on March 10, 2016
As Cook makes clear in his introduction, it is not an exhaustive look at Canada during the war. It solely focuses on the Canadian Corps, the army faction that fought; there is nothing about the air corps, navy, home front, and aside from brief mentions of Sam Hughes (minister of militia until 1916), no political details. As the title states, it starts from the Canadian entry into the war alongside the UK in 1914, and ends with the conclusion of the Battle of the Somme in October 1916.
The writing is very clear and straight-forward, and makes great use of quotations from memoirs and letters from soldiers at the front. Cook does a good job to present the horrors that the soldiers had to face, making constant references to the conditions of the trenches, often noting the presence of decaying bodies and human remains scattered about. Naturally, the artillery that characterised the front is also detailed, sometimes preceding the mention of the dead and wounded.
The individual is a constant theme throughout the book. As Cook makes heavy use of soldier's writings, he focuses on them at times; for example, in several instances he will go to lengths detailing how various soldiers acted during a battle, giving the reader a close-up perspective on how it felt. This has a certain effect, amplified as some of these accounts are closed by the somber note that the soldier was later wounded or, quite often, killed later on. Though Cook focuses on the front-line soldiers, he also takes time to detail the officer corps, noting the political aspects that gripped the leadership of the Canadian military to some extent.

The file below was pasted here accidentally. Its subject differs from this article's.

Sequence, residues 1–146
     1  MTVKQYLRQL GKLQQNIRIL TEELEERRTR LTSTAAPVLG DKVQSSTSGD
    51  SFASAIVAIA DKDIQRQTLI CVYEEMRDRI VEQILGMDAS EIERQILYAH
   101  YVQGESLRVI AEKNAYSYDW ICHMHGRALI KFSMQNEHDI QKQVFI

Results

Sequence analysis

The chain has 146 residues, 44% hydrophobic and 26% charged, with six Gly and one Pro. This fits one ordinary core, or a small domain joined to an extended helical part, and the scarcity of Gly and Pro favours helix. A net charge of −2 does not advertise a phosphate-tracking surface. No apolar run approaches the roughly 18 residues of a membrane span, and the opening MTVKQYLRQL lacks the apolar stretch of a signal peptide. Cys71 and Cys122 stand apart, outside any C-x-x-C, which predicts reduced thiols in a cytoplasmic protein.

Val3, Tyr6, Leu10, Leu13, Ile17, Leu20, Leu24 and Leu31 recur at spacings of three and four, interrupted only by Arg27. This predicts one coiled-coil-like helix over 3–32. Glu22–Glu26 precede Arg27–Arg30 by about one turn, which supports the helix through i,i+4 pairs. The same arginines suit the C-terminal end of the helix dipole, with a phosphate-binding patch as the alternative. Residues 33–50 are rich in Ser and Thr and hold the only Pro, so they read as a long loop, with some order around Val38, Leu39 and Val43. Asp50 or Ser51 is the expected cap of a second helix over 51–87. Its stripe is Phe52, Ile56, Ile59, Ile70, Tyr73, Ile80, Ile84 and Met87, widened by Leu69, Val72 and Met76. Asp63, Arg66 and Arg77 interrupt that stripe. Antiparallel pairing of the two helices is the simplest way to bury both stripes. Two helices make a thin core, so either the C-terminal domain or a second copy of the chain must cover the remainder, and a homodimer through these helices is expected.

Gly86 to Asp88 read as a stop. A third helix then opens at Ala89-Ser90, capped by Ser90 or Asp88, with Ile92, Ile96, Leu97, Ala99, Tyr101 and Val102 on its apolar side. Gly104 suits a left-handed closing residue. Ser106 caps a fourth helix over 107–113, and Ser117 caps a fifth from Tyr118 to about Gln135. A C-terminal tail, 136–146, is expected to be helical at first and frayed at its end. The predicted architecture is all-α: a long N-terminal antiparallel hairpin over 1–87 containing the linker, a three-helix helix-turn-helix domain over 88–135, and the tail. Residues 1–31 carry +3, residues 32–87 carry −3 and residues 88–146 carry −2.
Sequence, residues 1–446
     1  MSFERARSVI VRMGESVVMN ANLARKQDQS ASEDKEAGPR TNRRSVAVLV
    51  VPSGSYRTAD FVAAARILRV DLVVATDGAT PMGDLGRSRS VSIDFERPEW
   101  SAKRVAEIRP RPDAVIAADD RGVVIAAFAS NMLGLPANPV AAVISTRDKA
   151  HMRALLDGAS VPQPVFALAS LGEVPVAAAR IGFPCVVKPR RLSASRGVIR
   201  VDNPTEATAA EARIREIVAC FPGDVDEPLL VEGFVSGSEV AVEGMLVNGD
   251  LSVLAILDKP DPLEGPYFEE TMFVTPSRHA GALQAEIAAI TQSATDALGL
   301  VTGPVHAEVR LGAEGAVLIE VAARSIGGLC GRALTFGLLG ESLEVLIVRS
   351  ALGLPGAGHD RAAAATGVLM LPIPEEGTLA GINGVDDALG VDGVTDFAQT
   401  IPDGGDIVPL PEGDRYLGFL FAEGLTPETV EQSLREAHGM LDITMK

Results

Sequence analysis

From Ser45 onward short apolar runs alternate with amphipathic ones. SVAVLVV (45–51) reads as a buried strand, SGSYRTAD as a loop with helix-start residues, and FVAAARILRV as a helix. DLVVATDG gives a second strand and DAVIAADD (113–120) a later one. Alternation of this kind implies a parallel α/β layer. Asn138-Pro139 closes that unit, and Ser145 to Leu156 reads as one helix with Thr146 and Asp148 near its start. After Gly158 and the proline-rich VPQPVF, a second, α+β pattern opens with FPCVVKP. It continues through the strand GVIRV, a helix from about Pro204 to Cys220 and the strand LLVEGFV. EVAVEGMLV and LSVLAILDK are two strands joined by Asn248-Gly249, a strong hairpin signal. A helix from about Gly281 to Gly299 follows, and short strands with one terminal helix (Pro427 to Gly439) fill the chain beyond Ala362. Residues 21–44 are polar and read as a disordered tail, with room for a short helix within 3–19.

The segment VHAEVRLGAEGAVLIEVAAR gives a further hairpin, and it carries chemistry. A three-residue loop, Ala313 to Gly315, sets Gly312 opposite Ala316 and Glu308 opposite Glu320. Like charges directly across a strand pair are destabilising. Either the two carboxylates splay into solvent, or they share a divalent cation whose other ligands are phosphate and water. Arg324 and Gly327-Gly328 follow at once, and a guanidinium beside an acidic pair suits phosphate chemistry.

Though heavily focused on the battles the Canadians took part in (Second Ypres, St. Julien, Festubert, Somme, to name some), Cook also spends a good amount detailing the other aspects of the war. Chapters explaining the construction and maintenance of the trench system, the rotation of units, their training, and the medical system are just some of the topics covered, giving a more rounded and nuanced impression of life for the soldiers.
on March 12, 2015
I'd be surprised to learn there was any, other, serious competitor for the title of best book on its topic-- a thorough examination of the role of Canadian infantry in World War I. My only reservation is that, as an institutional historian, the author seems a little inclined to the view that the generals knew what they were doing and all the sacrifice was ultimately worth it. The generals didn't-- read Cook's own volume 2 to see how they often abandoned the winning strategies they had so painfully learned in order to yet again throw troops into hopeless situations-- and the consequences of that war: the Russian Bolshevik Revolution, the collapse of the German economy, the rise of Hitler, and the Holocaust certainly do not justify any suggestion that the sacrifice of so many lives was somehow worth it anything. (Also, hints that British PM Lloyd George was a decent man must be balanced against that man's subsequent role in the attempt to partition Turkey., but that's off-topic.) This is an excellent book for learning what the Canadian troops endured in the first part of WWI, and the same praise applies to volume Two's portrayal of the second part of that war-- although, in reading that 2nd volume, the extent of the waste of human life does become nauseating.
on December 26, 2012
I read a lot of military history, and I've come to know that many military historians are BORING writers. Pierre Berton is great, but Tim Cook is maybe better; equally readable while not as rah-rah-rah. This book - and its equally excellent sequel - break the mold. This book is a well-written, brilliantly researched account of a neglected history. Cook doesn't just talk battles, he talks people, lives and society in the trenches. Don't be put off by the length; it's worth your time.